The Rychnovsky Synthesis of Leucascandrolide A
The macrolactone leucascandrolide A (4), isolated from the calcareous sponge L. caveolata, has both cytotoxic and antifungal activity. The key step in the synthesis of 4 reported (J. Org. Chem. 2007, 72, 5784. ) by Scott D. Rychnovsky of the University of California, Irvine, was the stereoselective condensation of the aldehyde 1 with the allyl vinyl ether 2 to give 3.
The cyclic ether of 1 was assembled from the crotyl addition product 5. Tandem Ru-catalyzed metathesis / hydrogenation converted 5 to the lactone 6. Reduction of 6 to the lactol followed by activation as the acetate gave 7, axial-selective condensation of which with the enol ether 8 delivered the enone 9. Diastereoselective Itsuno-Corey reduction of 9 followed by protecting group exchange and oxidation then gave 1, containing four of the eight stereogenic centers of leucascandrolide A (4).
The vinyl ether 2 was readily prepared from the corresponding homoallylic alcohol. Condensation of 1 with 2 involved Lewis acid activation of the aldehyde, addition of the resulting carbocation to the vinyl ether, and cyclization with trapping by bromide ion. In this process, the other four of the eight stereogenic centers were assembled. Three of those centers were formed in the course of the reaction. While stereocontrol was not perfect, the route is pleasingly succinct, so practical quantities of diastereomerically pure 3 could be prepared.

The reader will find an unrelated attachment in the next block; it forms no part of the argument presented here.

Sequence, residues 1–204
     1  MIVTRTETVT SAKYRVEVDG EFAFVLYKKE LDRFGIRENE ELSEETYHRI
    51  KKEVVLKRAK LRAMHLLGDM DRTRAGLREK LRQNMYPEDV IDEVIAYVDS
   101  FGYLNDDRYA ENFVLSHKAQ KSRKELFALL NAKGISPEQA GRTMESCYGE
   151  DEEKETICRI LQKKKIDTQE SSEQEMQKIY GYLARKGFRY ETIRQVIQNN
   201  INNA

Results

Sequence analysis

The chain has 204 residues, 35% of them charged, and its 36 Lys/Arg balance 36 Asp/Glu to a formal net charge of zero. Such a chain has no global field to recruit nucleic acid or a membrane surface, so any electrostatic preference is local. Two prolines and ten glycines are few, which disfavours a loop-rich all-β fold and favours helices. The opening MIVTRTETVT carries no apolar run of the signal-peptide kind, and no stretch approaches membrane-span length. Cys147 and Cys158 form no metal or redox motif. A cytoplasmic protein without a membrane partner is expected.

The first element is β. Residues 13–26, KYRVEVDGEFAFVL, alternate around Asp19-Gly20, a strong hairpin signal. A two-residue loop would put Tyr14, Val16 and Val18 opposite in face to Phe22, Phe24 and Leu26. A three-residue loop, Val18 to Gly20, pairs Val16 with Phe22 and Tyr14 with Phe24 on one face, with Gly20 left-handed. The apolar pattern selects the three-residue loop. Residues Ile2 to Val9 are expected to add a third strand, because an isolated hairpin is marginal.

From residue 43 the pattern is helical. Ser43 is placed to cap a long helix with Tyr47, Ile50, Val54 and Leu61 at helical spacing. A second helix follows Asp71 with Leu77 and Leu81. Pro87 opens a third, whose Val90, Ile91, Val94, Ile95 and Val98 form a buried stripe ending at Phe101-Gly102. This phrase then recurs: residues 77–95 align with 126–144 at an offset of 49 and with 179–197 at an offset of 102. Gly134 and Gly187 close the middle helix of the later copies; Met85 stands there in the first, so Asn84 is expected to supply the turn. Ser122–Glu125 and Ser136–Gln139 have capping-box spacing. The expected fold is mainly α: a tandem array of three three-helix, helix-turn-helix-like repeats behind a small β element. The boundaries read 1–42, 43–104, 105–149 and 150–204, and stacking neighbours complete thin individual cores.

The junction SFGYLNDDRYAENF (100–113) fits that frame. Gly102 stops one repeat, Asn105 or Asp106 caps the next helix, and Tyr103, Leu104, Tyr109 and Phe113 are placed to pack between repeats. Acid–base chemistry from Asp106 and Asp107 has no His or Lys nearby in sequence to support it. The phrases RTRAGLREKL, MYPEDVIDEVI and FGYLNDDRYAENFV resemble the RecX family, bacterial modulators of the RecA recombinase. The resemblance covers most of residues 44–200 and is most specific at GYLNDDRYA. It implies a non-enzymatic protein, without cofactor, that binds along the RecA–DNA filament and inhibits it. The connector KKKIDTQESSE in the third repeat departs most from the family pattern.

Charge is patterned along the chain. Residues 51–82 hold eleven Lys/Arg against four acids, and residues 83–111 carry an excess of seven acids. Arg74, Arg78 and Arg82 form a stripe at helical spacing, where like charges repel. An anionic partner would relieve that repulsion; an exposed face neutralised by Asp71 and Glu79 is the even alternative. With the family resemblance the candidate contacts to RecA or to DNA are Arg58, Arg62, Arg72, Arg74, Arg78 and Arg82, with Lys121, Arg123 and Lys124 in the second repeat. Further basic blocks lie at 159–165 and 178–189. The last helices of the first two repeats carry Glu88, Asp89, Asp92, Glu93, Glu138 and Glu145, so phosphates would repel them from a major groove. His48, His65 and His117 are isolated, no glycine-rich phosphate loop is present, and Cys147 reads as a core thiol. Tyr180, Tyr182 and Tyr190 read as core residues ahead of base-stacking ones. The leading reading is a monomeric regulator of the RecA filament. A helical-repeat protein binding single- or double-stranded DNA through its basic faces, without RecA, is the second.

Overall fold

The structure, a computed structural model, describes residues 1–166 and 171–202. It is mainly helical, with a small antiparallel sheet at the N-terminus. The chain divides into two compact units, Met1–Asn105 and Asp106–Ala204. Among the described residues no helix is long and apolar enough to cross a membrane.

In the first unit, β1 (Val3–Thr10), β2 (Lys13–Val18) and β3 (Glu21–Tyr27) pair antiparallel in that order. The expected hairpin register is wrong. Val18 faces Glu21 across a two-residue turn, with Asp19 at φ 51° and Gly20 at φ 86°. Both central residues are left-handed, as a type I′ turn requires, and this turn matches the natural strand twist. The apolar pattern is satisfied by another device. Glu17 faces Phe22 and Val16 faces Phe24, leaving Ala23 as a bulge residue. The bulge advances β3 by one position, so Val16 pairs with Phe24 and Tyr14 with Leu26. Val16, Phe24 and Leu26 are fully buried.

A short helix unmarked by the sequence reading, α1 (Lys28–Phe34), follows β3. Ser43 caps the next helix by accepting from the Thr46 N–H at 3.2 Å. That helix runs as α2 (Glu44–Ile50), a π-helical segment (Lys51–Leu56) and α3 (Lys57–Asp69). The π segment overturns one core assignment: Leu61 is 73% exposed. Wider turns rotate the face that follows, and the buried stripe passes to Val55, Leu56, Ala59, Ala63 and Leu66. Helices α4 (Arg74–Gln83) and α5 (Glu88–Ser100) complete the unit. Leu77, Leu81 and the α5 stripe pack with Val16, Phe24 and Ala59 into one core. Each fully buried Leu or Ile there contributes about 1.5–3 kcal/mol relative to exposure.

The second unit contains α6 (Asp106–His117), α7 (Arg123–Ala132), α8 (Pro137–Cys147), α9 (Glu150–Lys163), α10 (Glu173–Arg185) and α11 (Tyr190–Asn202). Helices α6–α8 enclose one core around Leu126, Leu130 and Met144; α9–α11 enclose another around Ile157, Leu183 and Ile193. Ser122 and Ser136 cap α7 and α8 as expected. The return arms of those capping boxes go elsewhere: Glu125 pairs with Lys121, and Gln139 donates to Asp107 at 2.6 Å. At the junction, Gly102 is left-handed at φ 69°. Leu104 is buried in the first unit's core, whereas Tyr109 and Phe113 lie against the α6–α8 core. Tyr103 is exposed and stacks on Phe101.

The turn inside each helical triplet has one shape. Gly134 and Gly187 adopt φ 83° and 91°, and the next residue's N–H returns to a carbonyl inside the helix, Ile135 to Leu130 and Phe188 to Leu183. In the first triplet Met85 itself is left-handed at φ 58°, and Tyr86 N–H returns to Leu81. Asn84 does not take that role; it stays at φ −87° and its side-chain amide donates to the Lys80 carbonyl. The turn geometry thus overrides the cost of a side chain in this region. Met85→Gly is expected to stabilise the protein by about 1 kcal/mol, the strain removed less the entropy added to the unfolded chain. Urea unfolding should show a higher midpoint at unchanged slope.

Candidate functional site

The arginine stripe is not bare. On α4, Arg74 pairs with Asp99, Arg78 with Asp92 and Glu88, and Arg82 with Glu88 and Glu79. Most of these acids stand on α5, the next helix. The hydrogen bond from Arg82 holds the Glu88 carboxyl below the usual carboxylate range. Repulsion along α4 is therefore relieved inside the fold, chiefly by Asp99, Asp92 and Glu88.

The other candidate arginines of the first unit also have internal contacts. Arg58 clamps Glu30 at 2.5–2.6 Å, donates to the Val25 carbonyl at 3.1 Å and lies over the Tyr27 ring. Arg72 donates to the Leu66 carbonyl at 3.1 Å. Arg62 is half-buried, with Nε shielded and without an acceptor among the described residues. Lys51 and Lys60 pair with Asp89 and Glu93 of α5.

To complete the synthesis, the secondary alcohol of 3 was methylated. Selective desilyation of the primary alcohol followed by oxidation and desilylation then set the stage for the Mitsunobu macrolactonization. The intermediates in the Mitsunobu reaction are such that the lactonization can proceed with either inversion of absolute configuration at the secondary center, or retention. While the usually-employed Ph3P gave the lactone with retention of absolute configuration, Bu3P led to clean inversion.
The last challenge was the establishment of the (Z) alkene of the side chain. This was accomplished using the Toru protocol. Coupling of the secondary bromide with the Cs salt 12 proceeded with inversion of absolute configuration, to give 13. The carboxylates of stronger acids were not sufficiently nucleophilic to displace the bromide. Aldol condensation of 13 with the aldehyde 14 gave a mixture of diastereomers, exposure of which to MsCl in pyridine delivered the requisite (Z) alkene 4.